Is the success of all these promotions just a result of a need for constant competition within the grappling and BJJ community, or possibly a result of the refreshing change they supply to the community in relation to the IBJJF? Also, does reducing guard pulling help grappling? Five Grappling, another major organization hosting its inaugural event at the end of June is planning to reward two points to the first competitor to come up and hold position for three seconds in the event of the dreaded double guard pull scenario. Five Grappling is also eliminating advantage scoring, used by many organizations to reward near submissions, near positional advances, and near takedowns. Ideally this will elimination of advantages, up the tempo, and push competitors to pursue definitive positional advantages and finishes.
Another very important question to ask amidst all this anti-guard pulling is the question of grip fighting and takedown battles. Is it any better to watch two competitors grip fighting, pummeling and battling for takedowns than it is to watch two competitors ‘butt-scooting’ and engaging in various guard play? If we make grappling, especially sport BJJ, focus too much on standup fighting, there is a strong chance that there will be difficulty differentiating this from Wrestling, or furthermore, Judo in the eyes of the general public. Finally, what about the discussion of points in general? Refereeing in points based tournaments is a very hot topic today, especially in regards to the discussion of missed calls, ghost calls, and downright bad refereeing in the IBJJF. The majority of the time however, if we take the conspiracy theories out of the discussion, we can assume that referees are only doing their best to officiate, contribute to the sport, and be impartial, awarding points, advantages, etc to the best of their ability.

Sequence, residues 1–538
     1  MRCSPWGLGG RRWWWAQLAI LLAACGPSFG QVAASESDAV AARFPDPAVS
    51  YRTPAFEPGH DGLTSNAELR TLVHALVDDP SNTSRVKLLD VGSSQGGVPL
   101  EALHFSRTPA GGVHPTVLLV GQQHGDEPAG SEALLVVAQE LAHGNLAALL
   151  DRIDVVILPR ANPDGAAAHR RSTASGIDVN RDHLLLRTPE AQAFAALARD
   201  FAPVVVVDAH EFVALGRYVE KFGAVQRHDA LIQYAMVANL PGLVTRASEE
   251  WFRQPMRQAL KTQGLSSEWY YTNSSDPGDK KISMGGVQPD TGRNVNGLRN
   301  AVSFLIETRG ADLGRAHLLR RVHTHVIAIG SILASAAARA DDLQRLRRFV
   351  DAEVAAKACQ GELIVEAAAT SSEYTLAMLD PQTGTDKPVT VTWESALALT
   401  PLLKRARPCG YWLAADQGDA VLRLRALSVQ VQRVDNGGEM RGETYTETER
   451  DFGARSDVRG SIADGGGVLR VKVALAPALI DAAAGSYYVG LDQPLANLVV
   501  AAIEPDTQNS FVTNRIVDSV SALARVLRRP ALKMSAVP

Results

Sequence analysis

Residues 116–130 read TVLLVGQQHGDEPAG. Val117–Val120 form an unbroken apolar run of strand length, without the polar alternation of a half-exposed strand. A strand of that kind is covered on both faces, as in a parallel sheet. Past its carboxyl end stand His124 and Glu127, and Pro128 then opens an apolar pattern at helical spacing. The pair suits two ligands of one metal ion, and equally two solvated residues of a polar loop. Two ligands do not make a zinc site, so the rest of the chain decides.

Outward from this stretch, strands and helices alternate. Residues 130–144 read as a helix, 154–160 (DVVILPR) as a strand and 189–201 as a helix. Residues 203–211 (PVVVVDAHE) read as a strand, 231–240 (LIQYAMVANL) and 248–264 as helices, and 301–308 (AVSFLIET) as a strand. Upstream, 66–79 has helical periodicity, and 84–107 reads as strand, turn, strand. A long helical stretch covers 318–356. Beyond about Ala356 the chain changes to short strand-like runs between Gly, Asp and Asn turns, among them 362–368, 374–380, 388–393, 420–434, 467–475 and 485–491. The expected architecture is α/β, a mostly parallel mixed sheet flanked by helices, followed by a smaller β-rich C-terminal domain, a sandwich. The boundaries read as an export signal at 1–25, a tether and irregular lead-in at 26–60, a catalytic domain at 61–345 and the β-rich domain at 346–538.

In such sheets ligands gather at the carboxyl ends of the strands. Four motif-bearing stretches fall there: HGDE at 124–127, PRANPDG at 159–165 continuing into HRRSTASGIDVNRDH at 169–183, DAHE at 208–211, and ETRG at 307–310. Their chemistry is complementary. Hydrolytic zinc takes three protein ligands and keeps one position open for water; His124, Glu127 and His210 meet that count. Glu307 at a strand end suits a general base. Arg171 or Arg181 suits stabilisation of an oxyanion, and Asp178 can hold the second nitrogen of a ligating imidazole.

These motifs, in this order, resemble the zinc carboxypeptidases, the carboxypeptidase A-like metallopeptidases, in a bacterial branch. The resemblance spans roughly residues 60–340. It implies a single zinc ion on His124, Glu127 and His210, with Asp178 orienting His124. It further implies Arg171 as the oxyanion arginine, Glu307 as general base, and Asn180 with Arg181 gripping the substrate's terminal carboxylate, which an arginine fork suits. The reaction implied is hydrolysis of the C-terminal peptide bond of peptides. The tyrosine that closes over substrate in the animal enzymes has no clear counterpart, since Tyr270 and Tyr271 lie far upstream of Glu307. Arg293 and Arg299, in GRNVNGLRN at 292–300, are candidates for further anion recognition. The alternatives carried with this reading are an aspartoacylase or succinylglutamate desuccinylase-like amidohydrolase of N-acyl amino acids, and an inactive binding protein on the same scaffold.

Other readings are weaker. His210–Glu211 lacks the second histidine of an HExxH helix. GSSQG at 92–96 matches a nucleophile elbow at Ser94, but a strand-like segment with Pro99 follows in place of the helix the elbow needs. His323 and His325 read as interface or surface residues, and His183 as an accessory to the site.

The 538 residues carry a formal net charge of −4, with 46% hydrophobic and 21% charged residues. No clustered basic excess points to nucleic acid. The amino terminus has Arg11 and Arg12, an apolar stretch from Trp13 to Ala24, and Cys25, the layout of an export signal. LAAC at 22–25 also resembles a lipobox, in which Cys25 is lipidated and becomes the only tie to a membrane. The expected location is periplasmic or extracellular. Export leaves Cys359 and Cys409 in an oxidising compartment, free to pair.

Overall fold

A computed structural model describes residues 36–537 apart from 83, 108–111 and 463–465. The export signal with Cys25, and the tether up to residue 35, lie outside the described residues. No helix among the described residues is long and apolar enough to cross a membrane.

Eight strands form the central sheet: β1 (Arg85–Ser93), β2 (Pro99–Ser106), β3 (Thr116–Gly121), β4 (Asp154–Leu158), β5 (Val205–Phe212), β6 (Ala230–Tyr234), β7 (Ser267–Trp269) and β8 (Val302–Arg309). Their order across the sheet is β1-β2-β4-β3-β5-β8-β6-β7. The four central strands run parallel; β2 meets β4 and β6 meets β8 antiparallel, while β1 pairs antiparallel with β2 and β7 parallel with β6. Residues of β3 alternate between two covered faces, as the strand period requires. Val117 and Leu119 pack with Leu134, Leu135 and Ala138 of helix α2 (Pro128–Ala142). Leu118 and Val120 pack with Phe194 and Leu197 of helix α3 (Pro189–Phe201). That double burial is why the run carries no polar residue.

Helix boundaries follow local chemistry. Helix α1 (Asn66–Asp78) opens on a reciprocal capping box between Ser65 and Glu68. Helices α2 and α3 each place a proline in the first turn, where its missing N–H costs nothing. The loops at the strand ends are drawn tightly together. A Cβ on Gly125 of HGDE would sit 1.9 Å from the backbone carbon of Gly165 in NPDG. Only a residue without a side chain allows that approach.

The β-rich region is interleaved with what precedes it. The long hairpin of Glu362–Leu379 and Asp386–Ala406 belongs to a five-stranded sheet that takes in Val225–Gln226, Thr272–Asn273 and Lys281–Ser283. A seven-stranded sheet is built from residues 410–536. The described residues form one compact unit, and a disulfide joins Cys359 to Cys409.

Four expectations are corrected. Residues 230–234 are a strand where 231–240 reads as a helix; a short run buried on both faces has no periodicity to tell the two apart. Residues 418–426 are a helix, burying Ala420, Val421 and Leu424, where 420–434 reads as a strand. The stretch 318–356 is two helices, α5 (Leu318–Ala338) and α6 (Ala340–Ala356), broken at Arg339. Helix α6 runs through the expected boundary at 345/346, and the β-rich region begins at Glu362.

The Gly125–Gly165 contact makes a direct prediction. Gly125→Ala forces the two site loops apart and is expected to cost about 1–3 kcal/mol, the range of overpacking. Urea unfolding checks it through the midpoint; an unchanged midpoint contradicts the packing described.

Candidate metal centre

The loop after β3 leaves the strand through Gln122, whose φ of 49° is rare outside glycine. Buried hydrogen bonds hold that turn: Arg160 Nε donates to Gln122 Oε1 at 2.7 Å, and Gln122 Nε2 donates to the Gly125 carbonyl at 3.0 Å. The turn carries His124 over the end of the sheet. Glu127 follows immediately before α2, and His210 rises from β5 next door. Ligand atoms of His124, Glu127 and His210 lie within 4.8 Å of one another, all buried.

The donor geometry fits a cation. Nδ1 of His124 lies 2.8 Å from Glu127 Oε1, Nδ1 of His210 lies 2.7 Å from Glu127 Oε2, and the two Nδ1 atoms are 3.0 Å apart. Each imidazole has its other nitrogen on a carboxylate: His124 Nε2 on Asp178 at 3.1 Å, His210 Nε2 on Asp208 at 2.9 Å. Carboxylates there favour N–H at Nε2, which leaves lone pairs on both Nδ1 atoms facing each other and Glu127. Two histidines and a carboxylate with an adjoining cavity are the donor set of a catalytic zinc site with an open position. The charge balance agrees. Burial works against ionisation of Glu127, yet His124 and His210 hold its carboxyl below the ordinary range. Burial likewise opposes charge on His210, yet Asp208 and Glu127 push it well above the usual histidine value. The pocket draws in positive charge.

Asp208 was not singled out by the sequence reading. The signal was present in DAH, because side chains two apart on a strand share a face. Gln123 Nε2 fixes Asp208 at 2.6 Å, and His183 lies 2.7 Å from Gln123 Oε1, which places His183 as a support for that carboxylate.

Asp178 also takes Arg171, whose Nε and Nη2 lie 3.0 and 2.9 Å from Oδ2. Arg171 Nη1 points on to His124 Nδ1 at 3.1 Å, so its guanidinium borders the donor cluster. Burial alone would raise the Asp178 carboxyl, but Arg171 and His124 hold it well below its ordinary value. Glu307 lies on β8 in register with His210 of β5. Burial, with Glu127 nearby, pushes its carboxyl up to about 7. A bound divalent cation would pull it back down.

The issue isn’t necessarily the referees, but the fact that judging what meets the requirements for being awarded points and advantages is incredibly subjective and difficult at times, and whenever there is a human element involved, there are bound to be errors in judgment here and there, just based on human nature. We might just be better off making the lives of referees easier, focusing on what truly matters, and eliminating points scoring all together…
In this article I pose a number of questions that hopefully spark your interest and get you thinking about the status quo. In next week’s edition of The Rules Rundown, we will discuss one of the hottest topics in grappling and sport BJJ today – The Submission Only debate. Be sure to check Grapplers Planet next Monday for the conclusion to the series!